Araminta relaxed and turned her attention back to the table and her family. Delicious aromas of breakfast came in from a side door, and Araminta’s stomach rumbled. Good grief, she thought, as she slid a hand to her stomach. Her tummy rumbles were becoming almost as loud as her snores. “Breakfast is served,” Harold, the Moorecliff butler, announced as he came forward to help Araminta with her chair while Reginald seated first his stepmother then his sister, Stephanie. Trinity rolled in a mahogany tray laden with food. It was trimmed in gold with a black-and-gold-marbled top. Araminta thanked the butler then turned in her seat to give him a second look. Something was different about his appearance this morning. She had noticed the moment he walked into the room.

Though things had been delayed a bit after his exam a few weeks ago, his eyeglasses had finally arrived. “Those glasses suit you to a T, Harold. The bronze rims really enhance your features. Don’t you think so, Daisy?” “Hm? Oh, yes. I do indeed. They are perfect for you, Harold.” Daisy had turned in her chair and was busy fussing with a bouquet of wildflowers that had been delivered for her the previous afternoon. Roses, Araminta knew from days past, would no doubt arrive today. The flowers had started coming shortly after Archibald’s death: first, the loveliest of roses in every color, then bright bouquets of equally beautiful wildflowers. Araminta’s eyes narrowed in suspicion as she looked at them, but she said nothing.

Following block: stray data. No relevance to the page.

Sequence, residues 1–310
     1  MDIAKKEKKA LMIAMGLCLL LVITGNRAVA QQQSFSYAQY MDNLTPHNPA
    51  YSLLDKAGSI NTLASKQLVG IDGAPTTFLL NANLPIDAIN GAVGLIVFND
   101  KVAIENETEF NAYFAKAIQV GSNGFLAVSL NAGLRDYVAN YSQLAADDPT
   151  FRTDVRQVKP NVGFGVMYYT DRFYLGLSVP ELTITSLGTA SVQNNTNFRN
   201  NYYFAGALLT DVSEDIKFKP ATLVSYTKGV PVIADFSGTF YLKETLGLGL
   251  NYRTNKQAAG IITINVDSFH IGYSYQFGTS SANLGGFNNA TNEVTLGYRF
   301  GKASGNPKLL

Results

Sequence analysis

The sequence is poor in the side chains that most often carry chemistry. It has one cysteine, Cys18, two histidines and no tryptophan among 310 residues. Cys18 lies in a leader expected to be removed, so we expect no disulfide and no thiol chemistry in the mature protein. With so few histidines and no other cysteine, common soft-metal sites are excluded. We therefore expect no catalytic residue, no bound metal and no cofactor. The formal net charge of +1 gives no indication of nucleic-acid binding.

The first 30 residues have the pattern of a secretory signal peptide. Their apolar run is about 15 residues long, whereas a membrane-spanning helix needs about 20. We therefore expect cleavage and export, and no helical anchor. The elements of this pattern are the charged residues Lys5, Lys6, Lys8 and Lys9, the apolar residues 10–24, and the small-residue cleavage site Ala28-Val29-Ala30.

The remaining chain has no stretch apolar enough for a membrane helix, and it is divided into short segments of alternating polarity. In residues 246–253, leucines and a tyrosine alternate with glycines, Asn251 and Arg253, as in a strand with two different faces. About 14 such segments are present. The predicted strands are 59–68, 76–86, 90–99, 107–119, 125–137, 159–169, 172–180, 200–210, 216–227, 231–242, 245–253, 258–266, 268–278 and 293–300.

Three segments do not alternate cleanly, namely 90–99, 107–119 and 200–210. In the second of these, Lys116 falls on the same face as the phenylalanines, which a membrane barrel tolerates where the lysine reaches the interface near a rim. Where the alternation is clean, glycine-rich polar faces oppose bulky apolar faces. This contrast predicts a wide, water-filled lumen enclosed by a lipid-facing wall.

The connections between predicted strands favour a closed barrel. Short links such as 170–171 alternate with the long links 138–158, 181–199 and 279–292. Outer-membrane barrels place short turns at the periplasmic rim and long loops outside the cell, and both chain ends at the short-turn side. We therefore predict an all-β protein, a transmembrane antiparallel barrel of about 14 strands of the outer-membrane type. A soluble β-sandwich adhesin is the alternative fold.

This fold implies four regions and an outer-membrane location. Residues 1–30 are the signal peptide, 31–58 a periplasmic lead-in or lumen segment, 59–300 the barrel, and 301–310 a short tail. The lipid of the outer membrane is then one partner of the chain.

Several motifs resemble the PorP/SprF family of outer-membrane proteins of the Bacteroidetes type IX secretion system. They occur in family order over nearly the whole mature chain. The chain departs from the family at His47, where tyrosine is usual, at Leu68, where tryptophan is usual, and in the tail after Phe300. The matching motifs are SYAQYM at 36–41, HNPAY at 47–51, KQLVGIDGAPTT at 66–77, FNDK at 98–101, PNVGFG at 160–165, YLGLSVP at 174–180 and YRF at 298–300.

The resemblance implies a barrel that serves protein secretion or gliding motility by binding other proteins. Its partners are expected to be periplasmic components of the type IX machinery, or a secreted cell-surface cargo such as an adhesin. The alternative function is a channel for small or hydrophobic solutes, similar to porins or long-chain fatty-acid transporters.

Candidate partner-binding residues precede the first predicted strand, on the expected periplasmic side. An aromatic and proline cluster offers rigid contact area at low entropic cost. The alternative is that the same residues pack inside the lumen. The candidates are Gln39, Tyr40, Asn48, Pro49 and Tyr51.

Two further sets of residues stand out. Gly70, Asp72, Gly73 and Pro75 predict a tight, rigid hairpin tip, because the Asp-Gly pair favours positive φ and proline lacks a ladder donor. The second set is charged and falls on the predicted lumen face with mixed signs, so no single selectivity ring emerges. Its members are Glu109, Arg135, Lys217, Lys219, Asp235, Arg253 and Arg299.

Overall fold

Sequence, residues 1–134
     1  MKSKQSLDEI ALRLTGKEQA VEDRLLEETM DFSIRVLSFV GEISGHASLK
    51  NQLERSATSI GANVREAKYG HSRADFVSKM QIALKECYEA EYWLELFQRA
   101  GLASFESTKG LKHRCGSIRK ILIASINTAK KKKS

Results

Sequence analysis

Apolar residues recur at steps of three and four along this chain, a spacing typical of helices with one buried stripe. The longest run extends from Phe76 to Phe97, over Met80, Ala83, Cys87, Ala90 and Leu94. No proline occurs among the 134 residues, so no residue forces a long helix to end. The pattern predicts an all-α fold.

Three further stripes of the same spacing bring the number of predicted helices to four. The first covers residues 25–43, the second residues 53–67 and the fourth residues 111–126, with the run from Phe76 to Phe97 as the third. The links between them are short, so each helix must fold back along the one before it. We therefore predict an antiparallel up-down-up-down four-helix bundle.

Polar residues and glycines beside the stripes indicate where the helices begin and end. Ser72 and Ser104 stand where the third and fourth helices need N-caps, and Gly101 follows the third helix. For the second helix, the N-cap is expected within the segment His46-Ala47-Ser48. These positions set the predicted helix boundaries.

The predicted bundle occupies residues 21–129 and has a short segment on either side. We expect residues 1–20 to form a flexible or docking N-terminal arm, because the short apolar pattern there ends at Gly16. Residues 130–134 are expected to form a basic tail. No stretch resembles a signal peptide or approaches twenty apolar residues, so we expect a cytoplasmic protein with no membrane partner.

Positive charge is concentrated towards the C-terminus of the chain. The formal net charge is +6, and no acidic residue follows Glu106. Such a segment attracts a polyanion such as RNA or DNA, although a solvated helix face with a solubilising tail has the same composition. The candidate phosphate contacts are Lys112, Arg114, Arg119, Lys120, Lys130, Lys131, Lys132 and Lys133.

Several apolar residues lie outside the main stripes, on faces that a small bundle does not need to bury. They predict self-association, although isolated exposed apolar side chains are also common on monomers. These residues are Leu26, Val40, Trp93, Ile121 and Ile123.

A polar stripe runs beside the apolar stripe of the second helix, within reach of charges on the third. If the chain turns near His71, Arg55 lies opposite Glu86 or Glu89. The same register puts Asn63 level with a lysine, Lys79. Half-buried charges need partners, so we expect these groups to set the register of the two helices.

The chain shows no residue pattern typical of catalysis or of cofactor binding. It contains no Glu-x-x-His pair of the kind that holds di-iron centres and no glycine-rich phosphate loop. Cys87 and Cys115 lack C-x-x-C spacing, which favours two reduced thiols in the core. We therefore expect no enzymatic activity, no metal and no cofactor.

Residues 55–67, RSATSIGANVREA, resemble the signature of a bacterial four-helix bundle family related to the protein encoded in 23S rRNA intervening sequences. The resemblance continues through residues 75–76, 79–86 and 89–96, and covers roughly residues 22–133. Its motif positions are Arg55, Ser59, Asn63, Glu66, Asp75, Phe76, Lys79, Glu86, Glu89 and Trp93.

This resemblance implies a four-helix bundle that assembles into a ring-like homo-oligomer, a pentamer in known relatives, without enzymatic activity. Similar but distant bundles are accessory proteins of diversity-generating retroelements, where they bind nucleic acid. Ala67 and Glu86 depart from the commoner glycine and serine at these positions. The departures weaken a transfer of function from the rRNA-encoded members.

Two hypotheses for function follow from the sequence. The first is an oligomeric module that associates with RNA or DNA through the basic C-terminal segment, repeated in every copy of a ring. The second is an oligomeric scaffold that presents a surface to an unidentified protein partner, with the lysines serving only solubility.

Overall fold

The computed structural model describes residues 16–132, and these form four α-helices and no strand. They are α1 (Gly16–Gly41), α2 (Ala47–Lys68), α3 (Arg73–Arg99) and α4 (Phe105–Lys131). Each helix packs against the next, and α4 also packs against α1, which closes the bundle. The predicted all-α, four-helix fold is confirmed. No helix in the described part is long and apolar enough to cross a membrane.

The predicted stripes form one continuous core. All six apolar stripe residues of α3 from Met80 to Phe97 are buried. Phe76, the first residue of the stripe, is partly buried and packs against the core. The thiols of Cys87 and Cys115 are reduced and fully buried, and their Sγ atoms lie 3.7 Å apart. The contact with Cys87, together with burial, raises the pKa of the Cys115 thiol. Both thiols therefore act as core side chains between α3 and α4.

It was now abundantly clear that someone in the family had acquired a secret admirer. “They make you look stately, Harold. Quite powerful, in my eyes,” Stephanie said. Araminta couldn’t help but smile when his cheeks turned color. It was rather precious to see the old fellow still given to blushing over compliments. Reginald laughed. “Don’t let her sweet-talk you like that, old man. Next thing you know, she’ll have you eating from the tips of her fingers.” Stephanie made a face, but Reginald ignored it. Instead, he nodded at Harold.

“Distinguished is, I believe, the word my sister was looking for, and she is correct, of course. You look very distinguished in your new eyewear, Harold.” As Trinity moved carefully around the table, placing plates filled with portions of various dishes still steaming from the kitchens in front of each of the Moorecliffs, Araminta snuck another peek outside at the cats. They’d moved over to the edge of the row of tall hydrangeas. They looked excited, tails twitching, but thankfully not up in the air. Phew. Araminta turned back to her plate. “Thank you, dear.” She glanced up at Trinity. The poor girl had dark circles under her eyes.